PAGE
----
CARLISLE, PA., AUG. 10 -- Dave Butz returned to the fold today, as everyone knew he eventually would. He walked onto a football field for the 15th consecutive season as a pro. He didn't look very happy about it. Perhaps he was smiling inside.

"Same old Butz. Like blocking the goal post," said guard R.C. Thielemann, who ran into the oldest defensive player in the NFL a time or two in blocking drills today at Dickinson College.

Butz, the Washington Redskins' prodigal defensive tackle, accepted the team's two-year contract offer of about $950,000 and began practicing this morning. He said he felt rusty, but he looked pretty good, especially for a 37-year-old who is the only man on the Washington roster to have listened to a George Allen pep talk.

Butz stayed out of camp for a week, which hardly was surprising because he has skipped weeks of practice, at the team's May minicamp and previous training camps. Coach Joe Gibbs and Butz talked on the phone two times over the weekend to make sure he would be back Monday. Butz said Gibbs told him "he wanted me and needed me. That's a good feeling."

In his own unusual way, Butz brings stability to the Redskins. He won't be around much longer, another year or two at best, he figures, but while he is on this team he is a scary, enigmatic and respected man. "I was born and bred to play football," he said the other day. It sounded frightening, although he probably didn't mean it that way.

He said his decision to accept the Redskins' offer was not hastened or forced by the fact that defensive end Dexter Manley partially tore a knee ligament Saturday. But Butz certainly was needed by this team. Today, when Gibbs met the press, he beamed about Butz. "He looks to be in the best shape I've seen him in," Gibbs said.

Butz agrees. "I'm stronger now than I've ever been," he said. He has added half an inch to his neck in the last year by lifting weights. His 305 pounds appear to fit his 6-foot-7 body quite nicely. At one recent session, he said, he pressed 700 pounds with his legs 12 times in a row. "I'd like to see someone else do it," he said.

During his holdout, he didn't sit in front of the TV and watch soaps. "It was hot in St. Louis," he said. "We were getting hot water on both sides of the tap. But I was downstairs in my basement, staying cool, on my treadmill. I had a fan blowing on me. {I was} listening to my stereo. But I did get up to 32 minutes of running, which is a long time for a Clydesdale to stay on a treadmill."

When he showed up at the field today, his teammates, some of whom have never met him, cheered and jeered.

"I told them they really blew it," he said later, smiling. "They should have not said anything at all. That would really have made me wonder."

That's the kind of stunt he would pull. He plays all sorts of games. Football is only one of them.

One can only imagine what a quarterback thinks when he sees Butz bearing down on him. Yet Butz has a reputation among some of his teammates for being almost gentlemanly after a tackle.

"I've said, 'Sorry about that,' " he said. "After I knock a person down, I pick him up and say, 'Let's do it all over again.' "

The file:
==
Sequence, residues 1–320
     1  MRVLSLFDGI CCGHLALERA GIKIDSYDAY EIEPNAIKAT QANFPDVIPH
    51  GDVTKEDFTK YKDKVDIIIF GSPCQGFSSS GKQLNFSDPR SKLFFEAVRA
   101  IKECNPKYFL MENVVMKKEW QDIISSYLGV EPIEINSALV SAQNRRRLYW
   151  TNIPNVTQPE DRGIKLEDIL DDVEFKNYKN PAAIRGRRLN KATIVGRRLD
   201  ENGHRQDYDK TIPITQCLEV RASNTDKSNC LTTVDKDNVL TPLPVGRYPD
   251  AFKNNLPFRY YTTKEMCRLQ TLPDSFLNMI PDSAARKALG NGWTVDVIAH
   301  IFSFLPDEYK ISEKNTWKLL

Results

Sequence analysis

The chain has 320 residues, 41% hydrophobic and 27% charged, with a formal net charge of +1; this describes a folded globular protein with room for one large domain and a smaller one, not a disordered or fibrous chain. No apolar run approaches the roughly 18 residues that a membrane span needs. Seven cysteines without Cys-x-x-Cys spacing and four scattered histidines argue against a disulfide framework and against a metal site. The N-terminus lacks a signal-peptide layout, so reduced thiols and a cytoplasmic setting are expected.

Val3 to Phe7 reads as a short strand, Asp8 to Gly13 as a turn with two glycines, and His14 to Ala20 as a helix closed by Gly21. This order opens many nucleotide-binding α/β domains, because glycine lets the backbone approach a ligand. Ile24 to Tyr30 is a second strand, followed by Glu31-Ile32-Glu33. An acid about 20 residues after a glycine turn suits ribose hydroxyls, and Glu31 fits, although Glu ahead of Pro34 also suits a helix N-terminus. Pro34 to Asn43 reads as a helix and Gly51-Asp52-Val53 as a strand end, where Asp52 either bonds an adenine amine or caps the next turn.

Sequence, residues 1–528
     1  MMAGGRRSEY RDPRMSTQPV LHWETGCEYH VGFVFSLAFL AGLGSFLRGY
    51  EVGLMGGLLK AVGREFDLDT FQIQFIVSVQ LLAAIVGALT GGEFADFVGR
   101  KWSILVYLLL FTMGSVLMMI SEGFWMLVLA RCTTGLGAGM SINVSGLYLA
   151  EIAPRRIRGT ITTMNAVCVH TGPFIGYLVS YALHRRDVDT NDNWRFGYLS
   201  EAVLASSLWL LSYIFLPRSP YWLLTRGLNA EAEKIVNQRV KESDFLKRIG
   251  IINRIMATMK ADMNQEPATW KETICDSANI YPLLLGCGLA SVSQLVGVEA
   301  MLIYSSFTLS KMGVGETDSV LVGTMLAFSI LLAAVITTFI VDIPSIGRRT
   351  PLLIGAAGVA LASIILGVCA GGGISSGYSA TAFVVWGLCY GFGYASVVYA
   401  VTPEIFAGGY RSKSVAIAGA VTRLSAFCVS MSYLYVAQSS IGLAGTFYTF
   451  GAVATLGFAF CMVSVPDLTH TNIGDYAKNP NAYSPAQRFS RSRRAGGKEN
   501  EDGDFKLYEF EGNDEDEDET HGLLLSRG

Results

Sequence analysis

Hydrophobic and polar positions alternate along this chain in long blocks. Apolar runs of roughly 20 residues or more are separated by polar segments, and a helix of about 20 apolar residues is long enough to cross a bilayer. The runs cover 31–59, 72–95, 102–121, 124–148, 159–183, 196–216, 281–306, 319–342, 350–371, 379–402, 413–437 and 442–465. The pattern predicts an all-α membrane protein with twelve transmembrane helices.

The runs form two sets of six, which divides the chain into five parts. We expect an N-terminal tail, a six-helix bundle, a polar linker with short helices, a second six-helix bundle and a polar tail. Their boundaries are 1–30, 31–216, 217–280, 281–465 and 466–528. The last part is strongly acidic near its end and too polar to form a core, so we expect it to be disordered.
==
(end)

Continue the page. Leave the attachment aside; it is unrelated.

Butz lined up for practice shoulder-to-shoulder with defensive end Charles Mann, who created a stir last week when he talked about Butz's lack of overt emotion on the field. At the time, Butz defended himself by saying he is "inwardly prepared."

Today Butz said: "No comments on that. It's not going to help the team any, so there's no comment on that."

Defensive end Markus Koch said he didn't see any "friction" between the two players today.

The last two weeks were not easy for Butz. He said he considered retiring when "things weren't moving at all" in his contract negotiations.

"I found I was more prepared probably to retire than to come back," he said. "I verbalized it, but my wife said she wouldn't want to be around me. If I retired, she would probably come up to Reston and leave me at home {in Belleville, Ill., near St. Louis} because she said, 'I know you're not ready to retire yet.' "

He is the oldest non-quarterback in the league. Why does he still play? "Because I have no other place to go," he said.

Seriously, he said, it's the mental preparation and the desire to perfect his football technique that interest him the most, that keep him going.

"Every once in a while, I get so involved in a game, I can see a play happening before the snap of the ball," he said.

He used to drive to games with kicker Mark Moseley and quarterback Joe Theismann. That car pool has been broken up. His peers are long gone, replaced by players born a decade later.

"There's a lot of faces that go by," he said. "Every time you meet someone and get to know them on your team, and, then they leave the team, you lose a part of you. I've had a couple patches on the inner tube."

After years of rooming with Moseley during the season, Butz now rooms alone. He said the Redskins offered him the privacy of his own hotel room last year after Moseley was waived six games into the season. But at the end of the season, Butz said he received a bill for $236 to cover the difference the Redskins were charged for a double room being used by one person. Butz, shaking his head and smiling, said he paid the bill and left it at that.

This is the first training camp at which he and Moseley have not been together. Last night, as Butz turned out the lights in his dorm room, he remembered his old pal. "I said, 'Good night, Mark.'

"And nobody answered."